What's wrong with Indian cricket's spin bowlers?

Ravichandran Ashwin
Image caption Ashwin is the quickest Indian to get 50 Test wickets

India lost the second cricket Test against England in Mumbai as much due to their inept batting against spin as their lack of a plan for their spinners.

Much has been made of the greater pace at which Graeme Swann and Monty Panesar bowled, as if that explained everything.

But there were other factors which helped them outperform Indian spinning trio Harbhajan Singh, Ravichandran Ashwin and Pragyan Ojha - consistency, for one.

The ability to hit a spot ball after ball, over after over, session after session is a skill great spinners have, especially on a helpful track. The Indian spinners seemed determined to put their entire range on display rather like a novelist putting everything he knows into his first book.

There was also the psychological battle within the ranks.

Harbhajan, in his comeback Test, his 99th, had a point to prove faced with Ashwin who had just become the quickest Indian to reach 50 Test wickets. Both bowlers were thus under pressure, and that must have affected performances too.

It will be interesting to find out the role played by Indian coach Duncan Fletcher and bowling coach John Dawes.

Dereliction of duty

Actually, there is irony here: that a Zimbabwean batsman and an Australian medium pacer should tell Indian spinners how to bowl on home tracks.

Either they did, and nothing happened, or they didn't, in which case there was a dereliction of duty.

Captain Mahendra Singh Dhoni's insistence that turning tracks are the proper response to getting beaten by 10 wickets on one is depressing - especially since turners have often favoured visiting spinners.

Derek Underwood finished with 29 wickets when England last won three Tests in a series in India, in 1976-77.

The Indian spin quartet was at its peak then, but the combination of Bishan Bedi, Bhagwat Chandrasekhar, Erapalli Prasanna and Srinivas Venkatraghavan managed to eke out just a single win, in Bangalore.

Bangalore was also the venue for another important life lesson in spin bowling.

Image caption Harbhajan Singh has been out of form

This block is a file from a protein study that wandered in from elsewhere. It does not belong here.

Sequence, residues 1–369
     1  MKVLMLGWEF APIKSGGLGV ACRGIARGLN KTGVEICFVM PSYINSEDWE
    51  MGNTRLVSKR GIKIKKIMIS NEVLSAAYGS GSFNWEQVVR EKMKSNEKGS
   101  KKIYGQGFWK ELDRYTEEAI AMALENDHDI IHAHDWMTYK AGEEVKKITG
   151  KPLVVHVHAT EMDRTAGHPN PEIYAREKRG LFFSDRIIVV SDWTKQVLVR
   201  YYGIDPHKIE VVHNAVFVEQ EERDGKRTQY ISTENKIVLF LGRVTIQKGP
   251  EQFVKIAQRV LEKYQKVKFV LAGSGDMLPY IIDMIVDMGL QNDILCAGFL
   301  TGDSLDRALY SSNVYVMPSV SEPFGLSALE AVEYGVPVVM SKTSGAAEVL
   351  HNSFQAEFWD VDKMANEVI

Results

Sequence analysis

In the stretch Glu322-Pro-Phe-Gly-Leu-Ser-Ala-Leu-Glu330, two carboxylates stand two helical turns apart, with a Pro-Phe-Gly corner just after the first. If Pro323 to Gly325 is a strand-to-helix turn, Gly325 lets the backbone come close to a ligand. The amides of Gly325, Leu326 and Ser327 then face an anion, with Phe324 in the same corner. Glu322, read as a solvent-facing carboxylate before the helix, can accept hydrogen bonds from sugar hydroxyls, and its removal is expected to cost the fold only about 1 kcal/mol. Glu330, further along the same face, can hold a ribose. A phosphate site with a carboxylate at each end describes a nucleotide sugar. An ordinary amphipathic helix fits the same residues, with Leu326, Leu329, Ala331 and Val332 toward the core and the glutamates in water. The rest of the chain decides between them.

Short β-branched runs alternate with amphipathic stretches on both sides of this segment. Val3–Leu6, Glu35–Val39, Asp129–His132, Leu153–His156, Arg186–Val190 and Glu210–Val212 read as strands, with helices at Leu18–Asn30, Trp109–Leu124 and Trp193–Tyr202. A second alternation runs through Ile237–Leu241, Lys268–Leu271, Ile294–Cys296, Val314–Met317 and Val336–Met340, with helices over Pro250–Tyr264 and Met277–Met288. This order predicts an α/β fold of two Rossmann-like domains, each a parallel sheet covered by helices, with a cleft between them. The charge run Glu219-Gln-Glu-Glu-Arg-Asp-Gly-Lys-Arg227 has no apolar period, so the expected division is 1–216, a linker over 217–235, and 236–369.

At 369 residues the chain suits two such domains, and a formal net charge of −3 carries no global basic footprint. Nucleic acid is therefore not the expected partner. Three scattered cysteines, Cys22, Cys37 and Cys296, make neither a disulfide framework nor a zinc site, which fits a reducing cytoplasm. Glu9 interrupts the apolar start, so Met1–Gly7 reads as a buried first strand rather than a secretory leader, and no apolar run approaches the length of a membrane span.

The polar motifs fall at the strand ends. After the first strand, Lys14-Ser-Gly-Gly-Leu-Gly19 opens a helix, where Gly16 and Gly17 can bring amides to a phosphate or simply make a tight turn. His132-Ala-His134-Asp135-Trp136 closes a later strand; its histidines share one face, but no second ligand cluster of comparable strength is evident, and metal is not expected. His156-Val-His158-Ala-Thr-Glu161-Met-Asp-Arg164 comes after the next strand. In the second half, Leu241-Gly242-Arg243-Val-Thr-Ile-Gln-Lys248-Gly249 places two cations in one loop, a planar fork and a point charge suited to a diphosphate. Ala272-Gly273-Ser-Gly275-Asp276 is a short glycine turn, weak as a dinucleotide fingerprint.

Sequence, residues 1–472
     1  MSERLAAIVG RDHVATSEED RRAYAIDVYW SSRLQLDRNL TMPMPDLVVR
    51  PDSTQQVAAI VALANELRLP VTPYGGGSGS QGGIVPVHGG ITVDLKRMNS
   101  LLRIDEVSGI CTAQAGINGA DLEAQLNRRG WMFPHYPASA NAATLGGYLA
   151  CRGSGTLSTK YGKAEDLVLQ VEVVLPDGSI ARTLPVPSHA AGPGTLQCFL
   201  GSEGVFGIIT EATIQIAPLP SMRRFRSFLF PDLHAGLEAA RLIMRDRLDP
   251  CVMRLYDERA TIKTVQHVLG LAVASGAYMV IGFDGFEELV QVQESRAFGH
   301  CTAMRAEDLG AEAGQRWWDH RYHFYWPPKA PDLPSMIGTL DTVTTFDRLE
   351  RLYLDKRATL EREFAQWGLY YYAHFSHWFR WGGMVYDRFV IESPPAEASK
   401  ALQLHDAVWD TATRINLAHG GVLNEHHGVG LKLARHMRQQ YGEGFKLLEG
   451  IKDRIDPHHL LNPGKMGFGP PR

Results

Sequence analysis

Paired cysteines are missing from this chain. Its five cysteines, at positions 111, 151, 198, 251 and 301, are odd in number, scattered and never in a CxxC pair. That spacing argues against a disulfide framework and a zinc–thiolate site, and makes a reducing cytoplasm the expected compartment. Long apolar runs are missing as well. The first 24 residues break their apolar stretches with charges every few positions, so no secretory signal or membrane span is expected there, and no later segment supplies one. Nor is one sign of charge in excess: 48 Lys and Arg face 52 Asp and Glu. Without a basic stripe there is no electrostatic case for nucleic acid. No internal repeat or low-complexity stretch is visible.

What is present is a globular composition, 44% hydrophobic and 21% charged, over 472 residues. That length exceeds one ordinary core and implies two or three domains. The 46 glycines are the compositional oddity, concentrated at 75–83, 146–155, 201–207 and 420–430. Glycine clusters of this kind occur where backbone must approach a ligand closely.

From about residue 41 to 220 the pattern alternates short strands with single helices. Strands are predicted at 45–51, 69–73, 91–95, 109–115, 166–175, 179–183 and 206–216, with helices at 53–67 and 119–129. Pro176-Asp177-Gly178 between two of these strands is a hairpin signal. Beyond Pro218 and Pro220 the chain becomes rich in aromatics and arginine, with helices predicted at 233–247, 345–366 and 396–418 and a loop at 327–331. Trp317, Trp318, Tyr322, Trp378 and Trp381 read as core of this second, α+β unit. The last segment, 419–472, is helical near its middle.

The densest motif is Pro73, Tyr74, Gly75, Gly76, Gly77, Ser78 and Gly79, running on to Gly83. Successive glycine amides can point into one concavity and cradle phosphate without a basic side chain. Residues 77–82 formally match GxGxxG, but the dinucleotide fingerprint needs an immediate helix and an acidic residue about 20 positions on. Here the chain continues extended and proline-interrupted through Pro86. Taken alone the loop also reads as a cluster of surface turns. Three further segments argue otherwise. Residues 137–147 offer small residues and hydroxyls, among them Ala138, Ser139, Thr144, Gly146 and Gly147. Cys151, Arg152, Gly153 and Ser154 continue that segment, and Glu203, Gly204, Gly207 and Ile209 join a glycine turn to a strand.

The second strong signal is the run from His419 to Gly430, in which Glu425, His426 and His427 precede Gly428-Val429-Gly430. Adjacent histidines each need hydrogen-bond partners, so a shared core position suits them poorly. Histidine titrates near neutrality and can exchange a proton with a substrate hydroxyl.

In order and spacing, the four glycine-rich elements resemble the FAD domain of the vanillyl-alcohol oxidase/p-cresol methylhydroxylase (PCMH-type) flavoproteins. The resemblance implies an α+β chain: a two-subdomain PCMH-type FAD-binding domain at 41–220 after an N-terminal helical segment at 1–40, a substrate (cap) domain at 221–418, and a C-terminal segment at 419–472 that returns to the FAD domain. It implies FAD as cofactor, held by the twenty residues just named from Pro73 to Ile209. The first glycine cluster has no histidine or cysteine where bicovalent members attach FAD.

India's Maninder Singh claimed seven wickets as Pakistan were dismissed for 116 in 1986-87. India lost because off-spinner Tauseef Ahmed and left-arm spinner Iqbal Qasim ran through the side in the fourth innings (Sunil Gavaskar playing one of his great innings for 96), following advice from Bedi who told them: "On a spinning wicket, the ball that does not turn is the danger delivery."

England might not have won the Mumbai Test so easily had Anil Kumble - the wicket seemed to be made for him - been in the India side.

Do Indian spinners have a chat with former greats in the course of a Test series?

Both Bedi and Kumble are readily available, and many visiting spinners have paid them rich tributes for helping them out in the name of the 'Spinners' Union' which recognises no geographical boundaries.

Perhaps the Indian spinners struggled in Mumbai because India were not using all their strengths - and that includes the experience of the men who went before.

Still, England's victory has brought the series alive and shone a light on many of India's weaknesses that might have remained hidden and uncommented upon had the Test gone the other way.

It has also taken 4-0 out of the equation, which is welcome.

When there was an uproar over India's tactic of not playing spinners in the matches leading up to the first Test, some felt it was not so much to show off their strength as to hide their weakness.

It was cruel, and the win in Ahmedabad seemed to confirm that.

And then came Mumbai. A stunning innings by Kevin Pietersen and a superbly controlled century by skipper Alastair Cook made a mockery of Dhoni's call for turning tracks.

Most languages have a saying about falling into the hole you have dug for your enemies.

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